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Half Rack St Louis

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  • Yno
    replied
    Practice is not only good, it is delicious! My only advice is to cook whole racks, and more of them!

    Leave a comment:


  • Huskee
    commented on 's reply
    Congrats on the success!

  • GilaMonster
    replied
    OK, did the second half of my St Louis rib rack test today, and it was much better than the first attempt!

    Went much lighter with the dry-brining, using a smaller amount of just table salt this time. Four hours later, slathered them with olive oil and sprinkled on the Memphis Dust.

    Went on the Weber/SnS at noon, and at a little after 5, were ready for the bend test. They looked good to me, so I plated them up, and dug in.

    Probably could have used another half hour or so... but the meat pulled cleanly off the bones, the bark was just right, and they were not salty like the first half-rack.

    I think I'm gonna have to do this another half-dozen times, trying to get it right! Practice is good, right?

    Thanks to all of you for your suggestions... it's good to have a group of experienced advisers!

    Til next time, a few pictures of today's cook:



    Leave a comment:


  • GilaMonster
    replied
    FineSwine The cooking temperatures, at the grill level, ranged between 217° and 235° throughout the whole cook, with very little fiddling with the vents. It seems the variations may be due to how the fire progresses thru the charcoal...and the placement of smoking wood.

    Leave a comment:


  • CurlingDog
    replied
    GilaMonster , its also quite possible that you got a tough old sow. (the ribs, i mean) I have encountered that once and a while with Smithfield, but more often than not they have been pretty steady with a decent quality product.

    Other recommendations would be... 1) don't refill the water reservoir as an option. let it run on the dry side towards the end of the cook. 2) cook multiple slabs to reduce the odds of a TOS (tough old sow) and 3) upgrade your cocktail to something stronger (I suggest you start drinking heavily)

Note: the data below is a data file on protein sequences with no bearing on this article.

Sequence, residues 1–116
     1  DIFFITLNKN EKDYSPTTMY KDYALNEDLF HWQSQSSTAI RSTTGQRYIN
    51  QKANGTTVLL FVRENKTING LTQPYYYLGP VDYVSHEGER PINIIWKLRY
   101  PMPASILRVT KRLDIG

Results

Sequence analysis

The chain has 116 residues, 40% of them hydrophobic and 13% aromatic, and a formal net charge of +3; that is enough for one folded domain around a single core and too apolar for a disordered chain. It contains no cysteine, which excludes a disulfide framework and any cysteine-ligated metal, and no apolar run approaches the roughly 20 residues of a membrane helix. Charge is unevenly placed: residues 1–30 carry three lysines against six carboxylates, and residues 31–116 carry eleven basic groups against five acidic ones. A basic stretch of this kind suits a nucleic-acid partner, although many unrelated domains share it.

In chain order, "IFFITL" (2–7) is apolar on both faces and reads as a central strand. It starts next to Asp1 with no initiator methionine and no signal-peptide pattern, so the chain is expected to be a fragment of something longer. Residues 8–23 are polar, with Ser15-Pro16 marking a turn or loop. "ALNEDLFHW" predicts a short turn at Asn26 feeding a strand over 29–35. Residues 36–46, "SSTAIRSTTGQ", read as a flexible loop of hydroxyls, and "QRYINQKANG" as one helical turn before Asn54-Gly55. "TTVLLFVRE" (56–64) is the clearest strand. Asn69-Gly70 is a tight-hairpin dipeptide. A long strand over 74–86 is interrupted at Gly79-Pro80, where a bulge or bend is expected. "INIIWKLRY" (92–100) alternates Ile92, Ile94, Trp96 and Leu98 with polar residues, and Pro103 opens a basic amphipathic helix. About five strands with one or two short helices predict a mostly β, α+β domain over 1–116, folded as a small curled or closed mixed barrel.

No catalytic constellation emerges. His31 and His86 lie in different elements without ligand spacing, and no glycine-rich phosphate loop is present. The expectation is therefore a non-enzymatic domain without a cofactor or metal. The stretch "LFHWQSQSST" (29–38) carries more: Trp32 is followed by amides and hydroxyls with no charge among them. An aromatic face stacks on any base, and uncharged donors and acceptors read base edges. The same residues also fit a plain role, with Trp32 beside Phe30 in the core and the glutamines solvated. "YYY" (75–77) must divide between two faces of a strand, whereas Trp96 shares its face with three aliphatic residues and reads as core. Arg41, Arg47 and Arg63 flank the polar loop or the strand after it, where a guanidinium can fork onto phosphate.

whatever you do, don't boil the ribs! Keep the terrorists on the run!

    Leave a comment:


  • Fine Swine
    replied
    6.5 hours seems a little too long but what were your cooking temps at meat level and how stable was it?

    Leave a comment:


  • Huskee
    replied
    Originally posted by GilaMonster View Post
    OK, my first attempt at Last Meal Ribs is nothin but bone!

    Here they are as they came off the SnS-equipped Weber Performer after 6.5 hours...

    Not the best ribs I had, but definitely not the worst I have ever made!

    Don't know what you can tell from the photos, as the lighting was not too good, but I'd like anyone's observations and suggestions, from what you can see there.

    Couple questions for the Grill Gods: is the 'bark' supposed to be chewy? Or maybe I overcooked them? I tried the 'bend' test at a little more than 5 hrs; maybe it doesn't work too well with only a half-rack, but they didn't seem too flexible, so I let them go another hour. (The whole cook, grill temps ranged from 217° to 235° .) I am at 6,000' altitude, and the ambient temperature ranged from 69° down to about 48
    ° when I pulled them off the grill. Don't know if either of those had an affect on the cook. The meat inside was not dried out, and did not fall off the bone, but I thought the outside part was a bit toothy.